Pulling up old carpet: a handy how to

August 16, 2015

Installing new carpet is time-consuming, requires a lot of specialist tools and any mistake could ruin an expensive new carpet. However, you can pull up your old carpet to help out your professional carpet layer, solve some problems and save money, too. Here's how to pull up your old carpet.

Pulling up old carpet: a handy how to

What you'll need

  • Carpet knife
  • Needle nose pliers or old screwdriver
  • Pencil
  • Scrap or new flooring for patches (if required)
  • Circular saw (if required)
  • Screws (if required)
  • Electric drill (if required)
  • Clean cloth (if required)
  • Bucket (if required)
  • Bleach (if required)
  • Water (if required)
  • Insulated staples (if required)

1. Ready the room

  • If you strip the room yourself instead of paying your carpet layer to do it, you could save a lot of money.
  • To start, pull up your old carpet, cutting it into strips with a carpet knife as you go to make it easier to handle.
  • Take care not to damage the floorboards underneath the old carpet.
  • Next, rip up the underlay. This is a thin, easily torn material and shouldn't cause you much trouble.
  • Finally, get down on your hands and knees and work your way around the room, using needle nose pliers or a sturdy screwdriver to pry out all the old nails and staples.

2. Replace the rot

  • If there's rot in your wood floor, it will have to be removed before the new carpet is laid.
  • Cleaning up rot yourself can save you a lot of money.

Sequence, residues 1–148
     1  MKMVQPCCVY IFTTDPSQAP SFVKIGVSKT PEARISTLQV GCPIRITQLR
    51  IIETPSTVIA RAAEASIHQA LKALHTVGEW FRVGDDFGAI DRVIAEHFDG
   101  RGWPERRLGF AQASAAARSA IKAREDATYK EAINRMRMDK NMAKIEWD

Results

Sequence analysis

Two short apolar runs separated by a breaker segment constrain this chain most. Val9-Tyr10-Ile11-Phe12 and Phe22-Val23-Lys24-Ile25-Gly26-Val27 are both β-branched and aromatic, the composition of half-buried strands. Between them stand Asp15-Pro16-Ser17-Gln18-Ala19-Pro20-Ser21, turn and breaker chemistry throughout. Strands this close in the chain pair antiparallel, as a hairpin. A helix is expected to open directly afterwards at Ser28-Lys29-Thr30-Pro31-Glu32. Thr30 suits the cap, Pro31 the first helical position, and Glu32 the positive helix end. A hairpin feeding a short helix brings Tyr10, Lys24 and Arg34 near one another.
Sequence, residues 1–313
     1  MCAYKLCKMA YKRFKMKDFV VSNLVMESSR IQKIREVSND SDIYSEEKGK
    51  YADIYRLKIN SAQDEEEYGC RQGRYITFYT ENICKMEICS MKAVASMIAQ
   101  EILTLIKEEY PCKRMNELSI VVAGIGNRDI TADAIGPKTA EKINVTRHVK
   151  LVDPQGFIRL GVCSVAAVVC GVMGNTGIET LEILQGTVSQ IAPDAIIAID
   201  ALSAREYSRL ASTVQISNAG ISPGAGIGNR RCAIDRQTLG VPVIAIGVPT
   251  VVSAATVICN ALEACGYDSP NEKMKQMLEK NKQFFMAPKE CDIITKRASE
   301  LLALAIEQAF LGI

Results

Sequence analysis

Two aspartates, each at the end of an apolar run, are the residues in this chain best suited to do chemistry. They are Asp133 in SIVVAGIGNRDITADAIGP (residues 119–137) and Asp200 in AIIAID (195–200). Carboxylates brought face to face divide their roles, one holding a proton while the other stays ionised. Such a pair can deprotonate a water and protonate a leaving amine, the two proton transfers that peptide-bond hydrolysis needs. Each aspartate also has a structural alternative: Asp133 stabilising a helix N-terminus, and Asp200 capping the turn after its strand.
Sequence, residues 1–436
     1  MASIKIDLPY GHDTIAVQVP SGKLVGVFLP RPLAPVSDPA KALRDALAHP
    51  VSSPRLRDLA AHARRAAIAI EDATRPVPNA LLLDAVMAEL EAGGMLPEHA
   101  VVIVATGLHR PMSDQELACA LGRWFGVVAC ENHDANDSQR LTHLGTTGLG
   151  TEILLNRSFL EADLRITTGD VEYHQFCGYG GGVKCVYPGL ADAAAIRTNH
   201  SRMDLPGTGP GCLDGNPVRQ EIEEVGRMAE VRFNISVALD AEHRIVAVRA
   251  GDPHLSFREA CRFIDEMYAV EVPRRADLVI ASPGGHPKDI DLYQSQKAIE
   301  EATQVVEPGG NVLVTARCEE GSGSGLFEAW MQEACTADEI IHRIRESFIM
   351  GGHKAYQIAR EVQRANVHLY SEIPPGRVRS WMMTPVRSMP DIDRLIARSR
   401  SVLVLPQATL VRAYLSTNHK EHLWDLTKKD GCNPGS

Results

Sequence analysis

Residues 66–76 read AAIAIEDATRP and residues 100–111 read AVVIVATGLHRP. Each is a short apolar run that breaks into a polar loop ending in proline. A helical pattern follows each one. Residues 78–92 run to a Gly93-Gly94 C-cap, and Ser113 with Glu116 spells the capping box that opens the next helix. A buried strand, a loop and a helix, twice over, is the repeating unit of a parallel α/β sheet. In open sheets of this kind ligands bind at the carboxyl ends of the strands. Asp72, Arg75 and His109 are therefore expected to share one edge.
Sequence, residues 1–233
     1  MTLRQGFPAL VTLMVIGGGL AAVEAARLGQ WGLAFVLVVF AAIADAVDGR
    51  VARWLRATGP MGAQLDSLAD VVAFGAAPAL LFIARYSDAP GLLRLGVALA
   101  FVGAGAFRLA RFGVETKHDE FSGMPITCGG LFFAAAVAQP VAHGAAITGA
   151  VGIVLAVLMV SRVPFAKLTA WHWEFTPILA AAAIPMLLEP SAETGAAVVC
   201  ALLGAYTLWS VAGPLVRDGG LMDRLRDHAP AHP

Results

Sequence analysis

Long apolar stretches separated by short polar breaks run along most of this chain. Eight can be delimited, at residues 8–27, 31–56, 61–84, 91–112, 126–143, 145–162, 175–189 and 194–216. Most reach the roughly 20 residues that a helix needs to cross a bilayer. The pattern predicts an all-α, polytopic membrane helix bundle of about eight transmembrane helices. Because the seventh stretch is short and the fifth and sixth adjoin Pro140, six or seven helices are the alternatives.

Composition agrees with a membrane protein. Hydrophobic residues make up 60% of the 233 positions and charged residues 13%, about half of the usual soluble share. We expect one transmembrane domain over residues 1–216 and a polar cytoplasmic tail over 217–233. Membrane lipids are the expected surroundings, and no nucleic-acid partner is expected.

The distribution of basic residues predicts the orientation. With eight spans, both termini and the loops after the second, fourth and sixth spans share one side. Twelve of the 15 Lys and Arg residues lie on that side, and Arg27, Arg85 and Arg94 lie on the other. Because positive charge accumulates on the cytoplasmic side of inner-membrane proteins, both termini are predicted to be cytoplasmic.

• Rotten subflooring is common near exterior doors, especially patio doors.
  • Mark out a section around the rot, sizing it so that it runs along the joists on either side of the affected area.
  • Any new patch you install will have to rest on those joists.
  • Set the depth of your circular saw to match the depth of the floor and cut out the section.
  • Remove the rotten section of floor and set your new patch in place, attaching it to the joists with screws.

3. Silence the squeaks

  • With your wood floor exposed, you'll be able to do some quick repairs.
  • The simplest way to get rid of squeaks is to fasten the floorboards to the floor joists with screws.
  • Existing nails or screws will tell you where the joists lie.
  • Walk around the room and mark the squeaky spots, then go back and drive screws into the joists nearest each squeak.

4. Stop the stench

  • If there have been pets in the house, it's possible that pet urine stains have seeped through the carpet and the underlay to the subfloor below.
  • To stop the stench, wet the area with a mixture of equal parts bleach and water.
  • After five minutes, wipe up the bleach and let the floor dry completely.
  • Once dry, seal the stained area with a stain-blocking primer.

5. Hide the cables

  • Install phone lines, speaker wire and coaxial cables before your new carpet goes in.
  • Run these cables between the the tack strip and the wall, securing them with insulated staples.
  • Make sure the plastic sheathing of the cabling isn't punctured.
  • Run the cabling around the perimeter of the room, but not across doorways or other pathways where foot traffic will damage it.
  • Don't use this technique to hide extension cords or electrical wiring.

Follow this handy how to when you pull up your old carpet before a new one goes in and you'll be on your way to helping out your professional carpet layer, solving some problems and saving money.

The material on this website is provided for entertainment, informational and educational purposes only and should never act as a substitute to the advice of an applicable professional. Use of this website is subject to our terms of use and privacy policy.
Close menu